Filmmaker Ken Burn’s recent documentary series on PBS The Vietnam War: An Intimate History brought the viewer back in time over 50 years to examine one of the most controversial periods in the United States during the 20th Century. The Vietnam War played out on the world stage, but the program made clear local connections to people from communities across America and the hamlets of the former North and South Vietnam. Saint Joseph’s College had its own links to the conflict, too. In a new three-part exhibition, the Archives and Special explores some them through the camera lens of a young graduate, newspaper articles from the campus and the efforts of two alums and students to assist Vietnamese orphans.
Vietnam in Retrospect: Photographs 1969-1970 By Richard Zanoni ‘67
United States Army sergeant Richard Zanoni ’67 used his new hobby of photography to record daily life in Can Tho on the Mekong River Delta of South Vietnam during his tour of duty. Some of his 35 mm film images captured a different side of the war, than what many Americans saw back home on television, with children at play, a barber cutting hair, a woman selling her goods in the marketplace and Buddhist monks. However, others remind you that the war was ever present. One shows a smiling Vietnamese boy carrying his younger brother, who had lost his leg and another, a little girl eating rice from a discarded beer can. What happened to the people in his photographs is something that Sergeant Zanoni has often thought about since the war.
Fifty Years On: The Vietnam War on Campus
Saint Joseph’s was not unlike many other college campuses in the country during the Vietnam War. There was early support from the student body favoring continued participation in the war. Faculty members held “scholarly discussions” on the merits of the conflict. There were peace vigils and protests. Guest speakers also appeared before student audiences.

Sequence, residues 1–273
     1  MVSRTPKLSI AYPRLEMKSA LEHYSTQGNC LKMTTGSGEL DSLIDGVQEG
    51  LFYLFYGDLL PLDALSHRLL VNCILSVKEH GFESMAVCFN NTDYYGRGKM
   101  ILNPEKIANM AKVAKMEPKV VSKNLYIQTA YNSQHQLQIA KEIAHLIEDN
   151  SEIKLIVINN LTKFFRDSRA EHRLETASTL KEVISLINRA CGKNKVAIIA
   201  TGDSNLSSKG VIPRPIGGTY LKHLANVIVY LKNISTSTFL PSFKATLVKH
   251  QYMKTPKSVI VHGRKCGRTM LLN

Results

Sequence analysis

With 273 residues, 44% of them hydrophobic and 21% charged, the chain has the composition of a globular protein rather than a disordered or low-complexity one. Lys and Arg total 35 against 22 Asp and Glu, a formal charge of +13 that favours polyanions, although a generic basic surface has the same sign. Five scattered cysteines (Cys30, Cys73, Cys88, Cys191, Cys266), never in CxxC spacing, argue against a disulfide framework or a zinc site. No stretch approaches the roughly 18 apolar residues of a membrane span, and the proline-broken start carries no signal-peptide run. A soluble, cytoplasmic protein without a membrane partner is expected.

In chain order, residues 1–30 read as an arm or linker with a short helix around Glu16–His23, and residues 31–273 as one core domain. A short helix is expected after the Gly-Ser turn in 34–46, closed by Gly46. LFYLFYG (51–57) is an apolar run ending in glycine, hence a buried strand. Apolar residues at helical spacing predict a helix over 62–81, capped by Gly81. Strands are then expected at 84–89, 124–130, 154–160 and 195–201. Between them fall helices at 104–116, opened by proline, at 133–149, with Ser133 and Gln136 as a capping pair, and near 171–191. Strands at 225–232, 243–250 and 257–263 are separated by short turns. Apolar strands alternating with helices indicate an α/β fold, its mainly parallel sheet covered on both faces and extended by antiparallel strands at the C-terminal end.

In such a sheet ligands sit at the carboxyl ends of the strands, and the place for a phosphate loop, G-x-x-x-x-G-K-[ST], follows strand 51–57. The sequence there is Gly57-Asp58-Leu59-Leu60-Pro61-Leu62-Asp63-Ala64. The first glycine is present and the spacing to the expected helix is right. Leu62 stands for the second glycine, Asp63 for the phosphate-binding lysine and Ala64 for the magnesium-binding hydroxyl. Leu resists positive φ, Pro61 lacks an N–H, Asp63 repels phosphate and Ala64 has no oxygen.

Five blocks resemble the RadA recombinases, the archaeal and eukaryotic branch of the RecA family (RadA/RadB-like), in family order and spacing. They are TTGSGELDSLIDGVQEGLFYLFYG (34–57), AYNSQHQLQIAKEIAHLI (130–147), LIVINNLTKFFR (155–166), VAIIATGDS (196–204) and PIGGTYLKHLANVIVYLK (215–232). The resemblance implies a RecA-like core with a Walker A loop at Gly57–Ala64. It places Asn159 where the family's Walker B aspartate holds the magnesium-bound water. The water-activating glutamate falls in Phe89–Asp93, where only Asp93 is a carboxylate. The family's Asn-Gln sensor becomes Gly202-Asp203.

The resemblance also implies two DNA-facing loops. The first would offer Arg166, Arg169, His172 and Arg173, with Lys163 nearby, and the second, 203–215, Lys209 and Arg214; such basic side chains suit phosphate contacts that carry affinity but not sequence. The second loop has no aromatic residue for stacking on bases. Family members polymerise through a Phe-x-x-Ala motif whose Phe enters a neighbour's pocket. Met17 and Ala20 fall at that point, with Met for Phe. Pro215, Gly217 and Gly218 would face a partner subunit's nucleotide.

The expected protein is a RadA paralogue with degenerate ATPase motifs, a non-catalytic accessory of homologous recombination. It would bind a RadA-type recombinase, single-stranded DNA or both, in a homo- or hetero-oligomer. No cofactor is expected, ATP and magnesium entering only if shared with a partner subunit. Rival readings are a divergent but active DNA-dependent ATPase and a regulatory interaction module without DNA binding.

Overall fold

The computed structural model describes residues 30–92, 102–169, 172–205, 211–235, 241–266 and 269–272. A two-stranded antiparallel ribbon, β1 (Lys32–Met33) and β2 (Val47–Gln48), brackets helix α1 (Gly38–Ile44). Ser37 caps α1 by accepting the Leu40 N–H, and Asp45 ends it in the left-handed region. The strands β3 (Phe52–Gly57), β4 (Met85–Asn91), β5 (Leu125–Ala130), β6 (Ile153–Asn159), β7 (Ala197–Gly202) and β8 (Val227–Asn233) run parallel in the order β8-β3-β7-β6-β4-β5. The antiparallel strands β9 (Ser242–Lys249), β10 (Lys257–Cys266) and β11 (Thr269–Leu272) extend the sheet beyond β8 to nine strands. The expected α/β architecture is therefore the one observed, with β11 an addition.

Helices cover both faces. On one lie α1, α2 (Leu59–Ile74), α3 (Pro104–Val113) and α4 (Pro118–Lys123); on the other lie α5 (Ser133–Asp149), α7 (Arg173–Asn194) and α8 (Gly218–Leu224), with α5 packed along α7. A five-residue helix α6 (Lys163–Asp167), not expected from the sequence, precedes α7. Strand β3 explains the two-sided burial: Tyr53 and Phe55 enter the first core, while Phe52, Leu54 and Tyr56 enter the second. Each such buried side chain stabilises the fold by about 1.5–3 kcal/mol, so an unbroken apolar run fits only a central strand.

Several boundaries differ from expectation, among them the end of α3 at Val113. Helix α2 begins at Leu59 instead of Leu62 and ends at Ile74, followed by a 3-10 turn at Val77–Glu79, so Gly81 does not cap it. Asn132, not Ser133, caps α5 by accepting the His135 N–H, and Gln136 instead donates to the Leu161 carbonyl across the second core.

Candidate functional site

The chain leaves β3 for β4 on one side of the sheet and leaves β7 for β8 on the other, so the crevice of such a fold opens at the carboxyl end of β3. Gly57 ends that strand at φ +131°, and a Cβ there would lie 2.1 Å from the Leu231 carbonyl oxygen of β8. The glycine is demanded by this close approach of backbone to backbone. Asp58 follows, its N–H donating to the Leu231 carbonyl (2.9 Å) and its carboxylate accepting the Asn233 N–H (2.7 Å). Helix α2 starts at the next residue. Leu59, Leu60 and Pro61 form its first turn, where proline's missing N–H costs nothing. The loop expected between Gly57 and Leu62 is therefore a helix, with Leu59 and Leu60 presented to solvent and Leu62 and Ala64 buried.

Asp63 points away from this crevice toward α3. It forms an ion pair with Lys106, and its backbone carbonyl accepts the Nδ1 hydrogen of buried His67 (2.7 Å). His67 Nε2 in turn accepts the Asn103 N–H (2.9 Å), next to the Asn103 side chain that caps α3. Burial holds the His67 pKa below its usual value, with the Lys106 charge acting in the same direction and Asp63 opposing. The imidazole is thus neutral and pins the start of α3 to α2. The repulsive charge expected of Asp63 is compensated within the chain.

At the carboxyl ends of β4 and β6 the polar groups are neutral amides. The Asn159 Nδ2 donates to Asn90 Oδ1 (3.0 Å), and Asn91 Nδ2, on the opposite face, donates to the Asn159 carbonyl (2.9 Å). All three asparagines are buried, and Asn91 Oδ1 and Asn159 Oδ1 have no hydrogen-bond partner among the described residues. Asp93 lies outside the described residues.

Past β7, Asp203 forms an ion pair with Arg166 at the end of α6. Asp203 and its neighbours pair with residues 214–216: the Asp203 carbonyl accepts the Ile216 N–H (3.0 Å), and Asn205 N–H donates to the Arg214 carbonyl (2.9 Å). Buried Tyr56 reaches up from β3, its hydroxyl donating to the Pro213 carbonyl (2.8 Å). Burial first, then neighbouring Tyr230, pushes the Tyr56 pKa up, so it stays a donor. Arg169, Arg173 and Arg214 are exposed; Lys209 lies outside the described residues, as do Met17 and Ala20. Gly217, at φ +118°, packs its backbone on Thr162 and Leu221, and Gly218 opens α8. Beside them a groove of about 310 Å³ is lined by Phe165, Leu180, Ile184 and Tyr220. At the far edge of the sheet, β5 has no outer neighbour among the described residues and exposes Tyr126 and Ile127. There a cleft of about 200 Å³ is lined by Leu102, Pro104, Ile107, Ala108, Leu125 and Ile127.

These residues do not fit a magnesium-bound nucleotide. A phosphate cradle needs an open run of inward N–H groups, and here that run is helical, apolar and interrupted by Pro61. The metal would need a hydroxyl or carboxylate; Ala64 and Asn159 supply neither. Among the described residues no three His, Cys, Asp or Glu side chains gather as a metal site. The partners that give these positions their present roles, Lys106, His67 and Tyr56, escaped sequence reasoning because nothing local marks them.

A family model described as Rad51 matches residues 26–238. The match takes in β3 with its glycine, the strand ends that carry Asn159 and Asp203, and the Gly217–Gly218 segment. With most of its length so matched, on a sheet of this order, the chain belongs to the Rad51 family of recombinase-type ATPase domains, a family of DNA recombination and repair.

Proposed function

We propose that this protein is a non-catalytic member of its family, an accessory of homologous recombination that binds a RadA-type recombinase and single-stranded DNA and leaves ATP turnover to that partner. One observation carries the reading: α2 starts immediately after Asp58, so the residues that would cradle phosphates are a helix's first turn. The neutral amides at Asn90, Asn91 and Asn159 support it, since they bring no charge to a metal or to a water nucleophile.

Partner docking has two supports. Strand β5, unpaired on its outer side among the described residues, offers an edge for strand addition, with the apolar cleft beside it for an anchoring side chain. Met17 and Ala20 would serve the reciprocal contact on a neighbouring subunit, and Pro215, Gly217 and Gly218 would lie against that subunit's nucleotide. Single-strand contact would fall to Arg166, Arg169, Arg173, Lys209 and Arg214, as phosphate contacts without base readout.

This part of the exhibition draws heavily on articles from The Hawk student newspaper that can be found in The Hawk Digital Archive 1930-2015 . It is a sampling of materials and not intended to be a comprehensive history of the events that took place on campus during the Vietnam War. Perhaps, the Archives will hear from some of the “Golden Hawks” about their personal experiences.
Humanity in a Time of War: “Project Vietnam” Lends a Helping Hand to the
Stella Maris Orphanage
Lieutenant James L. Tobin ‘64 and Captain Edward Essl ’55 of the United States Air Force met a group of Vietnamese nuns struggling to run the Stella Maris (Star of the Sea) Orphanage near Da Nang, South Vietnam in 1966. Lt. Tobin wrote to Lieutenant Colonel Daniel J. Boyle of the Saint Joseph’s College Reserve Officer Training Corps (R.O.T.C.) program requesting assistance from the College to aid the children. By the spring of 1967 “Project Vietnam” had been organized by the students to help solicit funds in order to build a hospital wing for the orphanage. Through car washes, collection canisters and social mixers $1,540.00 was raised and presented to Sister Angela of the orphanage.
The exhibition will be on display until the end of the Spring Semester in the Gerard Manley Hopkins Special Collections area on the 3rd floor of the John and Maryanne Hennings Post Learning Commons. A reception will be held there on Thursday, March 22nd at 3 P.M. Richard Zanoni will be there to speak about his photographs. Several other Vietnam War veterans who are part of the SJU community will also offer remarks on the topic of the war.
Thank you to the Saint Joseph’s University Office of Veterans Services for their assistance with Vietnam in Retrospect.
– Christopher Dixon, Archival Research Librarian